• Project managers

 

Skills and knowledge required by these staff categories are therefore very diversified but they mainly have in common training focused on social sciences such as Psychology, Educational Sciences, Sociology. Additional knowledge in the guidance field comes from refreshment and specialisation courses these experts attend and which are mainly organised by their local or regional public authorities.
Communications skills, willingness to work as part of a team, the ability to evaluate individuals and groups, knowledge of the labour market and of the education and training systems, knowledge of career development theories, etc. are main skills and knowledge required by these experts in order to fulfil their roles.
Such skills are evaluated by means of competitions or selection interviews.
According to the national institute for the training of workers (ISFOL) and to the research showed in a national congress on guidance (“Orientare l’orientamento. Modelli, strumenti ed esperienze a confronto”, Roma, 8th-9th May 2003) at least four fields of competencies affect guidance activities and services in general. In this research the following professional profiles are identified:

  • A professional profile in charge with information oriented to guidance processes;
  • One in charge with tutoring;
  • One who gives support during the decisional processes of the client, that is a guidance counsellor;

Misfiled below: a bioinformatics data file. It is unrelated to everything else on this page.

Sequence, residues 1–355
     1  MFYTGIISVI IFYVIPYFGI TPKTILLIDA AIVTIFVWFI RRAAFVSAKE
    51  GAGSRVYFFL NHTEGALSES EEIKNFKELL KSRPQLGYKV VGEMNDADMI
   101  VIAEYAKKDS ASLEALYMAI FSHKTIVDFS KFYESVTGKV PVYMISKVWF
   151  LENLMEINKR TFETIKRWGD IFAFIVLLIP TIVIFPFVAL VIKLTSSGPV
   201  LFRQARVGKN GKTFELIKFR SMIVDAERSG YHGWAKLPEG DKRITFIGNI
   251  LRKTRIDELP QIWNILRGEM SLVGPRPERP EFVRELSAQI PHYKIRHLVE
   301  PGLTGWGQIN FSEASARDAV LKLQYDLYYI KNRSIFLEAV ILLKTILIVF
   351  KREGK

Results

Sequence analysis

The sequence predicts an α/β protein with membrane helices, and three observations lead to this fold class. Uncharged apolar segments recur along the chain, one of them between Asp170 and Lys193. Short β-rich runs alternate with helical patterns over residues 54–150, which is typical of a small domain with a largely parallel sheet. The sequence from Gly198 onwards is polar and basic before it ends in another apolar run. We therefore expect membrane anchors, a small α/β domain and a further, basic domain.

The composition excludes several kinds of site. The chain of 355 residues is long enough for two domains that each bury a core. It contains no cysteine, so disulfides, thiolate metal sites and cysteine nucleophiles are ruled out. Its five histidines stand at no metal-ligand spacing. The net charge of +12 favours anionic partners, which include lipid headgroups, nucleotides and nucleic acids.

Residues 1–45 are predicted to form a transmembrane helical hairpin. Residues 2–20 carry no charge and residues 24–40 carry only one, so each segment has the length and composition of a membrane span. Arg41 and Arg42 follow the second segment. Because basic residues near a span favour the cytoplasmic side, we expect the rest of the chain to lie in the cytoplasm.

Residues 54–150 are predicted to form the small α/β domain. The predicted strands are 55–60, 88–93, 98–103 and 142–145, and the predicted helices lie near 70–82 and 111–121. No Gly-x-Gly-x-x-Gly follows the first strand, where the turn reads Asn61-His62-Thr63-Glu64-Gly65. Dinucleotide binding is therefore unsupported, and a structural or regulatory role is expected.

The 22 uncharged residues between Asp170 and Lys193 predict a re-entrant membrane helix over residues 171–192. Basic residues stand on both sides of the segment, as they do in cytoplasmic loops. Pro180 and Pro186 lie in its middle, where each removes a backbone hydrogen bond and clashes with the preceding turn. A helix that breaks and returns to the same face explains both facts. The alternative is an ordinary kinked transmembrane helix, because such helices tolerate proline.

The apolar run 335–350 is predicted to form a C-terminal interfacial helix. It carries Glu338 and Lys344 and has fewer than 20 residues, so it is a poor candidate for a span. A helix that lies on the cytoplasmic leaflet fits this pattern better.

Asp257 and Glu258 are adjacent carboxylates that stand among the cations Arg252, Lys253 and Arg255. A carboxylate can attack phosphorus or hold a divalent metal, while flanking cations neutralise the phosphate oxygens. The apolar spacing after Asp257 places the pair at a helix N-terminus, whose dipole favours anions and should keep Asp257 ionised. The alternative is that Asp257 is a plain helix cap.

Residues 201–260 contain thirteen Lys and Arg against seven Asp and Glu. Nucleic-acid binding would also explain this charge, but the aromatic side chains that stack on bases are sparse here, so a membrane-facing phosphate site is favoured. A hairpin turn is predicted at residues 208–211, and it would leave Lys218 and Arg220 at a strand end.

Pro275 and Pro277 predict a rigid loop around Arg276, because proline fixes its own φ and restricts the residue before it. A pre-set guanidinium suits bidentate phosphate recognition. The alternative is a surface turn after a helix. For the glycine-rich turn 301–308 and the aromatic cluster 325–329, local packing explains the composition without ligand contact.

• A professional profile which can be defined as an analyst of guidance politics and services.

In addition, some training courses for guidance counsellors organised both at a private and academic level are starting to envisage modules focused on the use of ICTs and on the acquisition of basic skills in this field.

 

3. Qualification of the school counsellors

In 1997 laws start to talk about activities of vocational guidance; these latter are included into instruction and training paths revised according to a principle of integration. The Document of the informal consulting group MURST-MPI (Ministery of University, Research and Scientific Research-Ministery of Public Education) on vocational guidance 29/4/1997 titled “Vocational guidance in Schools and Universities” underlined the need to create efficient information and vocational guidance activities and to develop the potentialities of a few vocational guidance activities performed so far. It is necessary to consider the schools autonomy which could lead to teaching activities on the base of the perspective of vocational guidance intended as a training activity aimed to empower skills which support the learning and the participation in the social and work environments.
As to the qualification of school counsellors, as mentioned above, there is no specific regulation in Italy and consequently this professional profile is not recognised at a national level.


NRCVGs – National Resource Centre for Vocational Guidance was set up by the European Commission in 1993 and form the European Euroguidance network. Each country in the European Economic Area has one or more Resource Centres and they are promoted at a national level by the relative Ministries of Labour and/or Education. Specifically, in Italy there is one NRCVG in Benevento (www.centrorisorse.org)